The camp, which is moulded on American-styled summer camps, is the only camp in South Africa to be certified by the American Camping Association

Few trained professionals can commit to walking away from successful careers to pursue passions which have no guarantee of tangible success. But that is exactly what Attorney Zoe Ellender and her Engineer husband, Nic Ellender did in 1999.

The young couple made the unpopular decision to quit their day jobs, move into Zoe’s parents summer home in Kwa-Zulu-Natal; with the dream of opening a unique children’s camp. 

Speaking on her decision to walk away from a rising career in one of Cape Town’s top law firms, Zoe says she found herself miserable, “No one seeks the service of an attorney because their happy, my clients were miserable, my colleagues were miserable and so was I. I remember sitting on a beach, bunking a law programme I was meant to attend, trying to articulate to myself what my true passions were.” 

At the top of the list of her passions was kids, holiday, sun and the beach. This list eventually became the foundation of what is today, a kids holiday camp with the singular purpose of transforming children’s lives for the better.

The camp, now known as Sugar Bay Holiday Camp for Kids, located in Zinkwazi Kwa-Zulu-Natal, stands out from other camps because of its ethos of free choice. Campers are given the choice of multiple activities and programmes from which to choose from. The camp, which is moulded on American-styled summer camps, is the only camp in South Africa to be certified by the American Camping Association.

Journey to Sugar Bay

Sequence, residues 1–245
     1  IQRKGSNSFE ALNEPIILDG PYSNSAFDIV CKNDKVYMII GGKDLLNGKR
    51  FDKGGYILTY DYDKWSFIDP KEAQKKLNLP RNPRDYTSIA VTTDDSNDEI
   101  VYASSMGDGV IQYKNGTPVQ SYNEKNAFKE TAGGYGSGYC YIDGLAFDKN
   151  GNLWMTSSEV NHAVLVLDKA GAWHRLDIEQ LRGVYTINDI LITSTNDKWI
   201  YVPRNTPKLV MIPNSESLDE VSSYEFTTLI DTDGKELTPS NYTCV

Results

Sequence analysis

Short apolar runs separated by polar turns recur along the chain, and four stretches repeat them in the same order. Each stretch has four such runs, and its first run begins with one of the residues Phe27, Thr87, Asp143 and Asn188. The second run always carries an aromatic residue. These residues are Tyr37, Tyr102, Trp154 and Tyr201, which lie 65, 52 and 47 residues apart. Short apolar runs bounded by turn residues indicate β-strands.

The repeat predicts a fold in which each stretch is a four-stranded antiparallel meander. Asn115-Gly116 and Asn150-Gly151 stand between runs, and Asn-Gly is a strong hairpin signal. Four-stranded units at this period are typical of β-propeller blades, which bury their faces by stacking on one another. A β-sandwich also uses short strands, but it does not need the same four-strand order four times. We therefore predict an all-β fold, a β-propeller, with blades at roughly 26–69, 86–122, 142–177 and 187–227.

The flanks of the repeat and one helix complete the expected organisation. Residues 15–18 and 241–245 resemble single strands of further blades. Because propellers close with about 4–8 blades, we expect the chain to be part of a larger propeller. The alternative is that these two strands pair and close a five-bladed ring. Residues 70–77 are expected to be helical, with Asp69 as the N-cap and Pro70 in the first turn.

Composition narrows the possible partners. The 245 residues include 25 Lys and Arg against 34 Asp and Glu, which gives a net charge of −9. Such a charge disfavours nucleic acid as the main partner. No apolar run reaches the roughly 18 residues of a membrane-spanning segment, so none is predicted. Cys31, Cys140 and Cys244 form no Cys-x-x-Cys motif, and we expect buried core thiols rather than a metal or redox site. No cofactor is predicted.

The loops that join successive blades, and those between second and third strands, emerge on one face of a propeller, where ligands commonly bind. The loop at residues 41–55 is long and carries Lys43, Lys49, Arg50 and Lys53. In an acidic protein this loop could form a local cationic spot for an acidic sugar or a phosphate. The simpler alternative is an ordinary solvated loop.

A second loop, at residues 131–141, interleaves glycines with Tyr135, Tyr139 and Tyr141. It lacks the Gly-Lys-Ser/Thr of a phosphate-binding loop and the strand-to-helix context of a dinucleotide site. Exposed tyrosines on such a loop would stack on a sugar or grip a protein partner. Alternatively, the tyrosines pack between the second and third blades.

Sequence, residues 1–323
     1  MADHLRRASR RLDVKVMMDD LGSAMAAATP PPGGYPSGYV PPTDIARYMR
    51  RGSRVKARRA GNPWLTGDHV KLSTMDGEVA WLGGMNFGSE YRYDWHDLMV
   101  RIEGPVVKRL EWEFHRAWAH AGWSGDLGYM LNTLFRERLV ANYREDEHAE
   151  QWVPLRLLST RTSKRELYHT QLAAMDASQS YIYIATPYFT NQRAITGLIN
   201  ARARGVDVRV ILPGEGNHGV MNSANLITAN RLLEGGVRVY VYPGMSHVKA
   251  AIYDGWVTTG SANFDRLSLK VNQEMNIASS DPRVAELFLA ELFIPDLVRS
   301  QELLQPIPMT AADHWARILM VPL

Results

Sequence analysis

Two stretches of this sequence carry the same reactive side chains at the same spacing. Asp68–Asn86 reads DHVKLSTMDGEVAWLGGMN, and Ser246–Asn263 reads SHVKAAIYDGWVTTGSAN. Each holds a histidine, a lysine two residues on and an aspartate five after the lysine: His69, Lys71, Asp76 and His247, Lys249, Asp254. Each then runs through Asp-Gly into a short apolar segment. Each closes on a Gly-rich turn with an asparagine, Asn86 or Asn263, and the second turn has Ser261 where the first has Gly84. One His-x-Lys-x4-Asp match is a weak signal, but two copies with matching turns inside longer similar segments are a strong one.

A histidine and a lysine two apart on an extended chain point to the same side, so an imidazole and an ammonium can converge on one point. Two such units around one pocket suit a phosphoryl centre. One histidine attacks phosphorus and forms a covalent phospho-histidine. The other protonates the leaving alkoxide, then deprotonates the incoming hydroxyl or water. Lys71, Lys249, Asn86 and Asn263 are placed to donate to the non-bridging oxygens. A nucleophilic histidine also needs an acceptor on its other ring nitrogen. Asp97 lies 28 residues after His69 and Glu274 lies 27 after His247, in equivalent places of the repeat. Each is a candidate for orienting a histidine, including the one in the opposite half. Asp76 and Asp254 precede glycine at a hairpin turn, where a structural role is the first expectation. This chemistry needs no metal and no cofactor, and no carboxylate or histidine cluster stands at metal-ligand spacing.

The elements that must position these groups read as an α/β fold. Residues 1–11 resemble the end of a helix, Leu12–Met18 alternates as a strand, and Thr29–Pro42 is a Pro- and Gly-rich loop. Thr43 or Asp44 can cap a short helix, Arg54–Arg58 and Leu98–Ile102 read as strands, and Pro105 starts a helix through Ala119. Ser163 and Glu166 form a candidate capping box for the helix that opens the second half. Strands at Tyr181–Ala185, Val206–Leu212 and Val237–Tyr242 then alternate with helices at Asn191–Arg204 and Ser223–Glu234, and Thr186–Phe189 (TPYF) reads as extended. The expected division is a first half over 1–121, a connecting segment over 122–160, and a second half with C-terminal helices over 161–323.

The journey to what is now Sugar Bay began in 1999. Upon moving into her parents’ home in Kwa-Zulu-Natal, Sugar Bay co-founder Zoe Ellender got to work drafting a unique business plan. 

The process proved tricky as there was no existing business of its kind for the budding entrepreneur to model her business plan from. That, coupled with the fact herself and her husband had no collateral, made the process of securing a loan that much more daunting. 

Fast-forward through a year of research, working closely with American camp directors, interviewing scores of counselors and reworking her business plan over and over, the couple eventually secured three loan offers from various South African banks.

What’s fascinating is that for nearly a year before Sugar Bay was even in its developmental stages, Zoe travelled across Gauteng schools, marketing her camp for kids. While unconventional in her approach, the entrepreneur explains that had she not done so, her business would’ve been dead in the water within six months. 

“My advice for up and coming business owners is to market your business before you open it. Many business owners want to wait until they are ready and everything is set up perfectly, but we couldn’t afford to do that because the interest rate on our loan wasn’t going to wait for us to generate business, we had to have children enrolled in camp as soon as we opened our doors.” 

Sugar Bay Holiday Camp officially opened its doors in July 2001 after being built in just over four months; over the past 15 years the children's resort has become a part of the lives of thousands of young campers, both from South African as well as internationally.

Aside from its aesthetic – wide open spaces, water-slides, lush greenery and its beach - Sugar Bay counsellors are arguably the best part of the experience. The staff ratio is one counsellor to every three kids. This, Zoe says, is a unique aspect of Sugar Bay, “Our counsellors, who are given basic training in child psychology, give campers their complete and undivided attention.”  

To parents who are considering sending their kids to camp, Zoe says enrolling your children at Sugar Bay camp is not just a way to send them someplace to be occupied. “It’s amazing to see the transformation of these kids. Children who come to camp insecure, bloom. There is a lot of maturity and growth in confidence we see in the kids who attend our camp.”

For more information on Sugar Bay visit: